How to Plant Bare Root Hibiscus

Hibiscus image by Cédric FROEHLICH from

Hibiscus are flowering plants that are revered for their ability to bloom nearly all year long. They can be grown as small trees or large shrubs, and they make for an attractive specimen plant or addition to a flower garden. The trumpet-shaped flowers of hibiscus come in a wide assortment of colours and sizes. When planting a bare-root hibiscus, make sure you plant the hibiscus within 1 to 2 days after purchasing.

Remove any wrapping from the plant.

Inspect the roots of the bare-root hibiscus. Snip off any broken or bent roots. Set the hibiscus in a bucket of water to soak for 30 minutes if its roots feel or appear dried out.

Fill up either a 5- or 7-gallon planting pot with a good-quality potting mix until it is approximately half full. For best drainage, choose a pot that has drain holes on the side and bottom.

Shake the pot a few times to settle the potting mix and eliminate air pockets. Set the hibiscus into the pot.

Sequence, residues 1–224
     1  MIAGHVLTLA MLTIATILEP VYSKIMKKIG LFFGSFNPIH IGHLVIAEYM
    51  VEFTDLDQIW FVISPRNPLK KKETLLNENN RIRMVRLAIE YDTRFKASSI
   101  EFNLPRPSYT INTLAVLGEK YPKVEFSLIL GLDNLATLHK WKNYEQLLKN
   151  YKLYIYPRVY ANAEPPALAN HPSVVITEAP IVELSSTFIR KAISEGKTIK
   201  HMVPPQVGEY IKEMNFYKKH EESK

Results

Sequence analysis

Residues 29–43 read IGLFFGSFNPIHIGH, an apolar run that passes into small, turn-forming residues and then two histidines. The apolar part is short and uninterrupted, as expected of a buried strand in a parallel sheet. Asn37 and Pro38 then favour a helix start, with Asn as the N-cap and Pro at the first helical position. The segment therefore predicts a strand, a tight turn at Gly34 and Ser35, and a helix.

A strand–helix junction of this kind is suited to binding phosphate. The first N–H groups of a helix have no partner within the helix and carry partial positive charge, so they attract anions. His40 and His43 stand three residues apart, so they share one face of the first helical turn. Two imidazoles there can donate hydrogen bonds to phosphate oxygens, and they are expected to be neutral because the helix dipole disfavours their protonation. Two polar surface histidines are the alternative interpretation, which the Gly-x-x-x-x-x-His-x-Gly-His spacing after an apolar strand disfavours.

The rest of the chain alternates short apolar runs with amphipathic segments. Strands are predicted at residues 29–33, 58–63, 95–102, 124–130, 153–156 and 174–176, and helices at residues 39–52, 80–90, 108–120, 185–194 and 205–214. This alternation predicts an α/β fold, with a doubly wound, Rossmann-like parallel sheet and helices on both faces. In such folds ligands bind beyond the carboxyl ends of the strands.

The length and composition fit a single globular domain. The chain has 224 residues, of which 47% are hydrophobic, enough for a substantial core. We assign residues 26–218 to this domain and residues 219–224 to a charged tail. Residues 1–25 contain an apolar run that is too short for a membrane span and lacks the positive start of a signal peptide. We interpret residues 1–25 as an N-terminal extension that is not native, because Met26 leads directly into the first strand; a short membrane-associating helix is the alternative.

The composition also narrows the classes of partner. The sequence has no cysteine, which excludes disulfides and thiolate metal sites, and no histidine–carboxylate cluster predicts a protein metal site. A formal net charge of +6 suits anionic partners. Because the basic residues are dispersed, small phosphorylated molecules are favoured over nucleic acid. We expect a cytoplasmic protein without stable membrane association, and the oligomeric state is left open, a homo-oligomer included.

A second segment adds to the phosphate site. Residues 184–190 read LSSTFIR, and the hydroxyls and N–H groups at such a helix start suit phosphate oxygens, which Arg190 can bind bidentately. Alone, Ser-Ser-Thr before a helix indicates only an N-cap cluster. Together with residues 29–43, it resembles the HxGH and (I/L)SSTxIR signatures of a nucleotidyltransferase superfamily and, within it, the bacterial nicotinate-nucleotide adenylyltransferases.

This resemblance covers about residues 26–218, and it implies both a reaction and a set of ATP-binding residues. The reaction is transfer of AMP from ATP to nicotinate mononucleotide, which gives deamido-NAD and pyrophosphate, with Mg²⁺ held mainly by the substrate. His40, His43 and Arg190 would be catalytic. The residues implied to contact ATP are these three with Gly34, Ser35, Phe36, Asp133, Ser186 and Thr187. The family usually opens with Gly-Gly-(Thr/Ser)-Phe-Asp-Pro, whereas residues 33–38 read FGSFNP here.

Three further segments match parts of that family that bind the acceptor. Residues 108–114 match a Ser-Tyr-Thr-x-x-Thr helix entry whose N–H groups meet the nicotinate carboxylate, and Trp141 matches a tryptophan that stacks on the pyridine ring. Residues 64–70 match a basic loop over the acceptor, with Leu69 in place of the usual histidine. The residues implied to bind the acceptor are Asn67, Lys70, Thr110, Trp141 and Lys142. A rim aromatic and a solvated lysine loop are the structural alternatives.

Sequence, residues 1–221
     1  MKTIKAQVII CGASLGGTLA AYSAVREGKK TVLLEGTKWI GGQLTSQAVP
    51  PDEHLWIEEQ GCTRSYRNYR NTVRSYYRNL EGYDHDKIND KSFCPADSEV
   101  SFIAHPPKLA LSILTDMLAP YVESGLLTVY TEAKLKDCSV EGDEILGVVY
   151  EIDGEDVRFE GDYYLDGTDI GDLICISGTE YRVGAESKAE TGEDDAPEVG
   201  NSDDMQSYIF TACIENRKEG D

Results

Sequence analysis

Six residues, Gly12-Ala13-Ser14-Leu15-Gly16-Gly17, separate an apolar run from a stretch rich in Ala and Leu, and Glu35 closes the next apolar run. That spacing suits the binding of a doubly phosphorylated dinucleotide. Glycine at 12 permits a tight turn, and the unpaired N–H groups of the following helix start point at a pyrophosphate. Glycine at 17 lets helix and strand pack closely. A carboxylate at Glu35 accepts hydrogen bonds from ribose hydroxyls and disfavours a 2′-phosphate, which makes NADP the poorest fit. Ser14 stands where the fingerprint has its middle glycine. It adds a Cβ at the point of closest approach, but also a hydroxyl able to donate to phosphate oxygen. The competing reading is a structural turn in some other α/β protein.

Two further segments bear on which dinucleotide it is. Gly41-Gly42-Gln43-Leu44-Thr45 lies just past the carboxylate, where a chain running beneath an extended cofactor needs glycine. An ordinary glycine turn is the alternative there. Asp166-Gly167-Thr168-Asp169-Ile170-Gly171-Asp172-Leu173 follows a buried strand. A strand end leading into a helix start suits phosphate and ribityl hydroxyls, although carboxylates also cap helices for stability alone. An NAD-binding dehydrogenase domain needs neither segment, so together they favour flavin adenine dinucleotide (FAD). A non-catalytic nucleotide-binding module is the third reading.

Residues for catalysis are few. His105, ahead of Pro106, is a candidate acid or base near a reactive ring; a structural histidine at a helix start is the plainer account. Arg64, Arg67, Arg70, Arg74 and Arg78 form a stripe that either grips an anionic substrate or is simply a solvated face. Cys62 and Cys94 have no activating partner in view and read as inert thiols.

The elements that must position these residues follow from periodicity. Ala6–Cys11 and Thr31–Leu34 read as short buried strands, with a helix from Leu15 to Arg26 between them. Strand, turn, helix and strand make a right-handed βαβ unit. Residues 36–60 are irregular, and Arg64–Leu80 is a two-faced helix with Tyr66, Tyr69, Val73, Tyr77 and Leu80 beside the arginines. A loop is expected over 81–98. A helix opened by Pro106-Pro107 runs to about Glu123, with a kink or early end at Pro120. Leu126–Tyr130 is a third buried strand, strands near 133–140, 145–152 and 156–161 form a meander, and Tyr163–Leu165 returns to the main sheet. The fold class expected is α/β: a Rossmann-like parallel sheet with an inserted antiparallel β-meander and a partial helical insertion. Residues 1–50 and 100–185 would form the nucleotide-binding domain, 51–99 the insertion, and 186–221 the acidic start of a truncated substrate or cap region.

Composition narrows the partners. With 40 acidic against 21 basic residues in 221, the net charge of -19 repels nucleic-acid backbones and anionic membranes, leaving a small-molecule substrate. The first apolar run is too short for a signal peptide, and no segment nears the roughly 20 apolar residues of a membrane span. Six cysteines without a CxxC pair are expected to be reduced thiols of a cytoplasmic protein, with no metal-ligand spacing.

Hold the hibiscus vertical in its pot. Scoop in potting mix to fill the pot full with soil. Make sure the top of the root system will be sitting approximately 1 1/2 to 2 inches below the rim of its pot.

Set the hibiscus out into a warm, sunny location starting in March or April, or after there is no more frost expected in your region. According to Dave Williams, a horticulturist with the Alabama Cooperative Extension System, place the hibiscus where the temperature is between 20.0 and 23.8 degrees C.

Fertilise the hibiscus every 6 weeks, starting as soon as leaf buds begin to form in the spring. Follow the instructions specified by the manufacturer. Use a 20-20-20 liquid fertiliser diluted to half strength.

Choose a sun-filled location for planting the hibiscus. Check the root system, as in step 2 above.

Spread out over the planting area a 2-to-3-inch layer of peat humus or compost. Work the amendment into the soil down to a depth of 10 to 14 inches using a spade or garden fork.

Dig a planting hole for the hibiscus that is 2 to 3 times the width and depth of its root system. Dig the planting holes 36 inches apart if planting more than one hibiscus.

Scoop soil back into the planting hole until it's approximately two-thirds full.

Place the hibiscus into the planting hole. Hold the trunk while you scoop in soil to set it in place.

Pour water into the planting hole until it is approximately three-fourths full. Scoop in more soil to fill the hole full after the water has settled away. Water the hibiscus thoroughly, letting the water run slowly to reach its roots.

Fertilise hibiscus as directed in step 7 above.

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